Quantum Mechanics for Engineers 

© Leon van Dommelen 

12.7 ClebschGordan coefficients
In classical physics, combining angular momentum from different
sources is easy; the net components in the , , and
directions are simply the sum of the individual components. In
quantum mechanics, things are trickier, because if the component in
the direction exists, those in the and directions do not.
But the previous subsection showed how to the spin angular momenta of
two spin particles could be combined. In similar ways, the
angular momentum states of any two ladders, whatever their origin, can
be combined into net angular momentum ladders. And then those ladders
can in turn be combined with still other ladders, allowing net angular
momentum states to be found for systems of arbitrary complexity.
The key is to be able to combine the angular momentum ladders from two
different sources into net angular momentum ladders. To do so, the
net angular momentum can in principle be described in terms of product
states in which each source is on a single rung of its ladder. But as
the example of the last section illustrated, such product states give
incomplete information about the net angular momentum; they do not
tell you what square net angular momentum is. You need to know
what combinations of product states produce rungs on the ladders of
the net angular momentum, like the ones illustrated in figure
12.3. In particular, you need to know the coefficients that
multiply the product states in those combinations.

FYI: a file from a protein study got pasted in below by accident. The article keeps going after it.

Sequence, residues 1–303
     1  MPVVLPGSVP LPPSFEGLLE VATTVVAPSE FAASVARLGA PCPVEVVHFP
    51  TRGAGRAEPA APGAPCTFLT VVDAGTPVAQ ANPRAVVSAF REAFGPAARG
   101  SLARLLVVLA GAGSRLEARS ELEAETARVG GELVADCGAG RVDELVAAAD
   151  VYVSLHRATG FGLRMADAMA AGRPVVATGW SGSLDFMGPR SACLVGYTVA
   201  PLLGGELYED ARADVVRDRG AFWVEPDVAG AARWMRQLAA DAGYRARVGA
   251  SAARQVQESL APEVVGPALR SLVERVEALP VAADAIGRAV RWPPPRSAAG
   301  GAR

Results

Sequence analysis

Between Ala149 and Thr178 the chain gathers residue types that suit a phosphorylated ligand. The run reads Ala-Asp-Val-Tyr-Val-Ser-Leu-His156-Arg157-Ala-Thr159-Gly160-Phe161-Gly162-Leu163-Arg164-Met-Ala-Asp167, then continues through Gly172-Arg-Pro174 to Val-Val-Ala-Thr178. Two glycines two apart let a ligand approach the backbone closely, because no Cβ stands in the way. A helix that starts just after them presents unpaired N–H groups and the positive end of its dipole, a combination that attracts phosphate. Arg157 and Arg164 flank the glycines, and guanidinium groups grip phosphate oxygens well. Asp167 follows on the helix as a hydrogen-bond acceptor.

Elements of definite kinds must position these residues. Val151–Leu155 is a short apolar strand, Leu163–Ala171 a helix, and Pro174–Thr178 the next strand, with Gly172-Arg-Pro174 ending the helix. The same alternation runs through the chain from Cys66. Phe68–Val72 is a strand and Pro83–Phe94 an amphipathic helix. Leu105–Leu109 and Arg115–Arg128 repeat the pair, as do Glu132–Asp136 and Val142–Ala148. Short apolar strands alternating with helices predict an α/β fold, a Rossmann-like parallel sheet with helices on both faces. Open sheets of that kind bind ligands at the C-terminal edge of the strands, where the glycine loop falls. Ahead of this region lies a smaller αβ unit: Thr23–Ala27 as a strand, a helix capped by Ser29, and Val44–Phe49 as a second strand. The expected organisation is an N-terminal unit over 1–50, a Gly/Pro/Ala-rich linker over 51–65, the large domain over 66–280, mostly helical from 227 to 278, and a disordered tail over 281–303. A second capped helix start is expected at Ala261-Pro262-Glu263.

Figure 12.4:
ClebschGordan coefficients of two spin one half particles.

These coefficients are called ClebschGordan
coefficients. The ones corresponding to figure 12.3 are
tabulated in Figure 12.4. Note that there are really three
tables of numbers; one for each rung level. The top, single number,
table
says that the net momentum state is
found in terms of product states as:
The second table gives the states with zero net angular momentum in
the direction. For example, the first column of the table says
that the singlet state is found as:
Similarly the second column gives the middle rung on the triplet
ladder. The bottom table
gives the bottom rung of
the triplet ladder.
You can also read the tables horizontally {N.29}. For
example, the first row of the middle table says that the
product state equals
That in turn implies that if the net square angular momentum of
this product state is measured, there is a 50/50 chance of it turning
out to be either zero, or the 1 (i.e. ) value. The
momentum will always be zero.
Figure 12.5:
ClebschGordan coefficients when the second angular
momentum contribution has azimuthal quantum number .

Figure 12.6:
ClebschGordan coefficients when the second angular momentum
contribution has azimuthal quantum number .

How about the ClebschGordan coefficients to combine other ladders
than the spins of two spin particles? Well, the same
procedures used in the previous section work just as well to combine
the angular momenta of any two angular momentum ladders, whatever
their size. Just the thing for a long winter night. Or, if you live
in Florida, you just might want to write a little computer program
that does it for you {D.65} and outputs the tables in
humanreadable form {N.30}, like figures 12.5 and
12.6.
From the figures you may note that when two states with total angular
momentum quantum numbers and are combined, the
combinations have total angular quantum numbers ranging from
to . This is similar to the fact that when in
classical mechanics two angular momentum vectors are combined, the
combined total angular momentum is at most and at
least . (The socalled “triangle
inequality” for combining vectors.) But of course, is not
quite a proportional measure of unless is large; in fact,
{D.66}.